As Iran Sanctions Kick in and Russia Pumps More Oil, the Money Is on U.S. Export Markets
As renewed Iran-focused, energy-related sanctions come into place in November, the major question for investors is how the energy sector stands to win. The answer is in the transportation of commodities. Our best bets are on Kirby (KEX) , Enterprise Products (EPD) and Frontline (FRO) .
U.S. Exports, a Transportation Play in a World of Sanctions
This week Swiss-based Trafigura Pte, one of the largest crude oil traders in the world, submitted plans to build the first deep water crude oil export terminal in Corpus Christi, Texas, to allow crude oil super tankers, Very Large Crude Carriers (VLCC), to load crude at the port reducing costs and inefficiencies. VLCCs can transport up to 2 million barrels and existing facilities in the Gulf of Mexico are not able to handle fully-laden VLCCs. This is positive news for the industry as players are positioned to benefit from increased export volumes.
Other publicly-traded midstream companies are also exploring similar options - such as Enterprise Products - said in July that it was designing and preparing applications for an offshore terminal in Texas that could include 80 miles of 42-inch diameter pipeline to an offshore terminal capable of loading and exporting crude oil at a rate of one VLCC per day. EPD has already started loading partially full VLCCs at its Seaway terminal in Texas City, Texas, however, VLCC tankers can only be filled half-way because of the shallow depth of the waterway.
The best pure-play transportation companies to benefit from this industry shift are Kirby and Frontline, among others. KEX is +23% for the year, outperforming major energy benchmarks.
As many Permian-focused companies like Pioneer Natural Resources (PXD) and Noble Energy (NBL) are seeking to slow down production activity as they reach transportation bottlenecks, having the appropriate investment in infrastructure is paramount. We think EPD is best positioned to leverage this infrastructure build-out.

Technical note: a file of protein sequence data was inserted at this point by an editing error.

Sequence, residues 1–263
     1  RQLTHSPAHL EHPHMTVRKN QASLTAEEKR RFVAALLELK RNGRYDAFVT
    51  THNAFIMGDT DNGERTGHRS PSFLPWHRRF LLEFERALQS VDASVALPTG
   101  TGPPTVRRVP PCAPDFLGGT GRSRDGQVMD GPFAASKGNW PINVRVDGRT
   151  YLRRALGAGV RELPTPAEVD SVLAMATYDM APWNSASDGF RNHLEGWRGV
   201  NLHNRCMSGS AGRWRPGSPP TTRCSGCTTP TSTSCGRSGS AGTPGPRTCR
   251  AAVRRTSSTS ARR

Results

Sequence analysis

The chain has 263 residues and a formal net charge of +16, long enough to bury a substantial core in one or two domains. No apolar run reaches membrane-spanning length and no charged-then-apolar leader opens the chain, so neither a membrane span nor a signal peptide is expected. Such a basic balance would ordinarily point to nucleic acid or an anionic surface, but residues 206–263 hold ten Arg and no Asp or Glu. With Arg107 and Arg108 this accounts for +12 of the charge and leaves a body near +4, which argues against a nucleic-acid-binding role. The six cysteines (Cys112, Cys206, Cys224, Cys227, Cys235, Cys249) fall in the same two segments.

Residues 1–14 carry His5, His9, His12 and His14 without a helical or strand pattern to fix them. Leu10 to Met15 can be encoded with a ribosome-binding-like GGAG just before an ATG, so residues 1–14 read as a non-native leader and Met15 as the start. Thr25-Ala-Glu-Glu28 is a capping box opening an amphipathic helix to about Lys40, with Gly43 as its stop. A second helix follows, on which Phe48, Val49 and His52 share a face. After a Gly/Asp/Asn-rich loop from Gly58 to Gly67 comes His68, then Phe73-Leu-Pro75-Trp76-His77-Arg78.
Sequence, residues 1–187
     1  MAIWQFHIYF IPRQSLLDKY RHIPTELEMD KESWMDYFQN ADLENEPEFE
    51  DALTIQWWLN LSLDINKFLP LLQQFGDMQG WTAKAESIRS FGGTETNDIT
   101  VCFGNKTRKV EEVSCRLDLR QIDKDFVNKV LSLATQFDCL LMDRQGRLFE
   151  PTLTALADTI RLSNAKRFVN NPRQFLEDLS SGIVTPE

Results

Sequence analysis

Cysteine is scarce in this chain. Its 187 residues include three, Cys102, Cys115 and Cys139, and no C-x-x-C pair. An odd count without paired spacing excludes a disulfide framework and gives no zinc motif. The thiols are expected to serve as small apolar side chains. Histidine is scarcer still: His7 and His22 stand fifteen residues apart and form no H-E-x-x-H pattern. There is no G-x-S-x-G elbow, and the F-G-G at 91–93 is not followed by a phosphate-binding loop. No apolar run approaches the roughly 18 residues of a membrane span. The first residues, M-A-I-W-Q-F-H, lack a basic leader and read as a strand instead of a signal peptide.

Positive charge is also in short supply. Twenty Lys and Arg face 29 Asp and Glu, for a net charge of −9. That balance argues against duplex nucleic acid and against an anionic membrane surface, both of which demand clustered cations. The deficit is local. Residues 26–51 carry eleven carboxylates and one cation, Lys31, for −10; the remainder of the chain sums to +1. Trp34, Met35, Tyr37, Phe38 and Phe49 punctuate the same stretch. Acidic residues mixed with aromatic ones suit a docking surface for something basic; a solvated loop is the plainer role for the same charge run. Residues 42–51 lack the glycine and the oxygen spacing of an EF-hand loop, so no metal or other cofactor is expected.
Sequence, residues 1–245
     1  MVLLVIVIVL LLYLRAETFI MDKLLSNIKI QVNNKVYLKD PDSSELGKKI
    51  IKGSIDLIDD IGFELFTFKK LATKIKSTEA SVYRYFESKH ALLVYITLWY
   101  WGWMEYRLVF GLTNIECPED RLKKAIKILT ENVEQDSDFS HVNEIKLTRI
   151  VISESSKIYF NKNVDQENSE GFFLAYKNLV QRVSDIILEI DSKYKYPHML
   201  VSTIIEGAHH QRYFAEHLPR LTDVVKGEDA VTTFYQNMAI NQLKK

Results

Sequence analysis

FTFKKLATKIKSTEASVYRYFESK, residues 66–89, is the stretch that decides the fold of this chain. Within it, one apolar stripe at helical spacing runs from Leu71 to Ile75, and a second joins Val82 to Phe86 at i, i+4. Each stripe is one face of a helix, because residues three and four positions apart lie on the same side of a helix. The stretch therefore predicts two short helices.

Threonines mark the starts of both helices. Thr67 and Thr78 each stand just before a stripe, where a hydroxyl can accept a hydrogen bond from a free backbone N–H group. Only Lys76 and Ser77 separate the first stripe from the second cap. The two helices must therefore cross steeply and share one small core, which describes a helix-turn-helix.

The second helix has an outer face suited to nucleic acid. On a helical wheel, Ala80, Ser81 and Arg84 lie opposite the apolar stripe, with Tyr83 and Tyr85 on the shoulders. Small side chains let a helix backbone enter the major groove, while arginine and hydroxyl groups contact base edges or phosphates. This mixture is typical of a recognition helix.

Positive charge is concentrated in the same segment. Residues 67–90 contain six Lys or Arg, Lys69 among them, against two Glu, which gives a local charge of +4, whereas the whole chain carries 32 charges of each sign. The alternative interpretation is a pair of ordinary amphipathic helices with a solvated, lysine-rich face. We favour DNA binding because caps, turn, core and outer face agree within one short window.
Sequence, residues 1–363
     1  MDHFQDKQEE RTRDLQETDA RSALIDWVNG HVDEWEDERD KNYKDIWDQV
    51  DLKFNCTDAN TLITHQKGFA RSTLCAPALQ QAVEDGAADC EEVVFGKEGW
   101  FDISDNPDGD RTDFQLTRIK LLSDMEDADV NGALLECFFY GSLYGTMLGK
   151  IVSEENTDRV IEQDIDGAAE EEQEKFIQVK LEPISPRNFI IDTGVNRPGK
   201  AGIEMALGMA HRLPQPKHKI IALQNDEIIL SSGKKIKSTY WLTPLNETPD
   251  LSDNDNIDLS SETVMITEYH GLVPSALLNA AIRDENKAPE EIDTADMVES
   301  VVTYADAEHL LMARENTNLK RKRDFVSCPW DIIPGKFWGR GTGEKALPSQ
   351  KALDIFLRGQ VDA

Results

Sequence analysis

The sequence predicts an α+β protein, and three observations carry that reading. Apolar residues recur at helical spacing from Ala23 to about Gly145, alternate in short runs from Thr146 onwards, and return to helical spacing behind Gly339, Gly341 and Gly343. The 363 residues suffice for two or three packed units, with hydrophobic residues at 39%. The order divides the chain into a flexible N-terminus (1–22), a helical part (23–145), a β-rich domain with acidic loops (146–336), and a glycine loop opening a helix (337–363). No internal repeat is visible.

Delek US, a Growing Refiner to Play the U.S. Exports
While the U.S. remains an importer of crude oil from Saudi Arabia, Canada and Mexico, its own produced shale oil is lighter than foreign barrels and is not always the best suited to Gulf Coast refineries that are configured towards processing heavier barrels. This makes it more efficient to send light crude oil overseas while importing heavier oil barrels better suited to its refining system.
U.S. independent refiners also stand to benefit from curbed sanctions as they seek to expand outside their regional markets. Among one of the rising stars is Delek US (DK) , a mid-cap refining and marketing company with strong presence in the southern United States and the Gulf of Mexico.
Iran Sanctions Will Have Some Waivers
U.S. energy sector sanctions being re-imposed on November 4 will ban companies from the U.S. financial system if they continue to do business with Iran. President Trump's recent tweet said that "Anyone doing business with Iran will NOT be doing business with the United States" has sent a strong warning across the markets. However, we anticipate the U.S. to give specific waivers such as the Southern Gas Corridor linking Azerbaijani gas from the Shah Deniz field, operated by BP (BP) , into Europe.
The first wave of sanctions includes:
- The purchase or acquisition of US banknotes by Iran's government
- Iran's trade in gold and other precious metals
- Graphite, aluminum, steel, coal and software used in industrial processes
- Transactions related to the Iranian rial currency
- Activities relating to Iran's issuance of sovereign debt
- Iran's automotive sector
The second phase of sanctions will come into effect on November 5, which will have implications for Iran's energy and shipping sectors, petroleum trading and transactions by foreign financial institutions with the Central Bank of Iran.
Russia's Oil Giant Rosneft Increasing its Production and Dividend Payout
Rosneft PJSC is the big elephant in the crude oil markets as Russia keeps strong ties with Iran. Rosneft has posted record cash flows benefiting from rising crude prices and a weakening ruble. The ciompany increased 2Q18 oil production to 4.6 million barrels a day and it has the capacity to add another 200,000 barrels a day in this quarter.
Rosneft may deliver record results for the full year and average dividend growth of $15 through 2020. In addition, the company started a share-repurchase plan totaling $2 billion through to the end of 2020, and the stock is up 47% year-to-date. Rosneft has an attractive 6.5% dividend yield which is likely to be increased on the back of higher earnings and free cash flow.